Female dancers wear black leather "Ghillies" that have soft soles for flexibility for Ballet Up steps. The soft leather of Ghillies help Irish dancers perform dance steps either on the balls of the feet or on tips of their toes.
Female Irish dancers wear two basic types of shoes. For Flat Down step dances, shoes are an oxford style with a thick heel with metal cleat attached to the full heel and a thick frontal sole that also has a metal cleat attached. The oxford is usually black leather, has laces and a leather strap to secure the shoe to the foot.
Irish Dance Styles & Types
In total, there are six Irish dance styles. However, it is equally important to note that within each of the six Irish dance styles, there are basically only two dance style techniques, these are known as Ballet Up and Flat Down. These describe how Irish dancers use their feet in the six styles.
Ballet up describes a balletic style where toes are pointed and steps are performed high on the balls of the feet or on tips of the toes. Body weight is lifted upward from the floor.
Flat Down describes a technique that relies more on the use of the heels in a flat, gliding motion. Body weight sinks downward into the floor to emphasize the sound of the metal cleats.
The six Irish dance styles include:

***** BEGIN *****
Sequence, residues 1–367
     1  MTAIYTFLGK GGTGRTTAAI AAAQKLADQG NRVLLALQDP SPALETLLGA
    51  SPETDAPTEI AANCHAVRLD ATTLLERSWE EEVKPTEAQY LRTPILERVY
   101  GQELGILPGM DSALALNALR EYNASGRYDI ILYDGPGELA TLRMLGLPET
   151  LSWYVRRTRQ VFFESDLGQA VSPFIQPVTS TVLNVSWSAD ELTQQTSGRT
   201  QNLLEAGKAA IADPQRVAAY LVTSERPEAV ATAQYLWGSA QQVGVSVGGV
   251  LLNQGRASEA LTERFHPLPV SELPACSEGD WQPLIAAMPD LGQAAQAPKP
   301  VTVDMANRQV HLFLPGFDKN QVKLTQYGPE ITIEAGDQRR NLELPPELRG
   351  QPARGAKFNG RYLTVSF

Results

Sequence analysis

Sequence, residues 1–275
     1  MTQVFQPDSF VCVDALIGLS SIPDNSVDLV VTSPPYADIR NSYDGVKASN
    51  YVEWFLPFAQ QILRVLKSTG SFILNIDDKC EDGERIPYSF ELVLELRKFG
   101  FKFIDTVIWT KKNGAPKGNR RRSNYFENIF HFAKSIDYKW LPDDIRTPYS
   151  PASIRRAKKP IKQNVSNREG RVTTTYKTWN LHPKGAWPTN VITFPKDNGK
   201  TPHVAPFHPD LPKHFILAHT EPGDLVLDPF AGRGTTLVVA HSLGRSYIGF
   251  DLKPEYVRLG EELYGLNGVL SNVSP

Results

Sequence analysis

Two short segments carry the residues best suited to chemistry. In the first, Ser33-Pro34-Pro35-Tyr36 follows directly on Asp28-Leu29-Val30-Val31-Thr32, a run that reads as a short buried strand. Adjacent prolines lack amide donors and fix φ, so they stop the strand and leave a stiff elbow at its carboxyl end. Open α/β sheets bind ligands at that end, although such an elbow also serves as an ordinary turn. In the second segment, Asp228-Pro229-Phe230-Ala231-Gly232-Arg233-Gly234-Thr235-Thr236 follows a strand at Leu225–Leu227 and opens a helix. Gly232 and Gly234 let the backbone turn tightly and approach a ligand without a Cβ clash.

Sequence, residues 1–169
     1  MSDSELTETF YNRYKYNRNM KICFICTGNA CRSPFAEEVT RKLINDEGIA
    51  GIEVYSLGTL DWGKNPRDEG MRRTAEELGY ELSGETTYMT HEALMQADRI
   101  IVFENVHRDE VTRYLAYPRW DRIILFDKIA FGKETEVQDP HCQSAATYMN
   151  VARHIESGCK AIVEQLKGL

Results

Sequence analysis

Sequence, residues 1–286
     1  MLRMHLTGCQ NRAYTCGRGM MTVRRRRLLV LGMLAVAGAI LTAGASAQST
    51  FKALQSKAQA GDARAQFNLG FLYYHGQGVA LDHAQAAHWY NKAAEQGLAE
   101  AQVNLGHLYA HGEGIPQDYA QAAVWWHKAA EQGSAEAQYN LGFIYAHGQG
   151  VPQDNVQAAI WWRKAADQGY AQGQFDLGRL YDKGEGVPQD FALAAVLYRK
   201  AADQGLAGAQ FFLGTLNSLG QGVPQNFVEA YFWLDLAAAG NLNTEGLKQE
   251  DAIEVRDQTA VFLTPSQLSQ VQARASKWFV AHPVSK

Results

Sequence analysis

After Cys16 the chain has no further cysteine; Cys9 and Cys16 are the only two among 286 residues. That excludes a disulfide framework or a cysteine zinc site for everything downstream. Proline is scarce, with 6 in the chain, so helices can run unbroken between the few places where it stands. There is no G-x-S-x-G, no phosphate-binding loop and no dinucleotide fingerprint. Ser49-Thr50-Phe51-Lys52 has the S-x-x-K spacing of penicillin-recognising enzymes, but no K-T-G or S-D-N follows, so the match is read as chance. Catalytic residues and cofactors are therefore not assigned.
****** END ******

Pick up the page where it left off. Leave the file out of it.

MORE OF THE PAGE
- Traditional Irish Step Dancing - only the legs and feet move in flat down technique
- Modern Irish Step Dancing - full body movement with ballet up technique
- Irish Set Dancing - with Flat Down technique
- Irish Ceili Dancing - with Ballet Up technique
- Irish Sean Nos Dancing - with Flat Down technique
- Irish Two Hand Dancing - with Flat Down technique
Traditional Irish Step
Traditional Irish Step dancing is performed by male and female dancers in long lines, circles, squares or as partnered reels. Traditional Iris Step Dancing consists of dances set to traditional Irish music with a fast tempo that dancers are required to perform sets of steps to.
For example, two groups of dancers face opposite each other and shuffle, hop, jump, tap and stamp to the music as they more toward each other. Dancers then move between the dancers of the opposite line and then back to their original position. This is often referred to as a "competition" line dance.
Modern Irish Step Dancing
Modern Irish Step dancing has female dancers performing ballet up dance movements like leg swings, hopping and jumping or sashaying to the music. The female dancers perform in soft ghillies while the male dancers are heard tapping in Oxford tap shoes to the music Modern Irish Step Dancing
Modern Irish Step dancing has female dancers performing ballet up dance movements like leg swings, hopping and jumping or sashaying to the music. The female dancers perform in soft ghillies while the male dancers are heard tapping in Oxford tap shoes to the music.
Irish Set Dancing
Irish Set Dancing, as its name implies consists of dances performed in "sets." For example, a performance of Irish Set Dances may be part of a whole choreographed dance performance that is broken up into several separate parts. The set usually requires dancing in couples in four sets.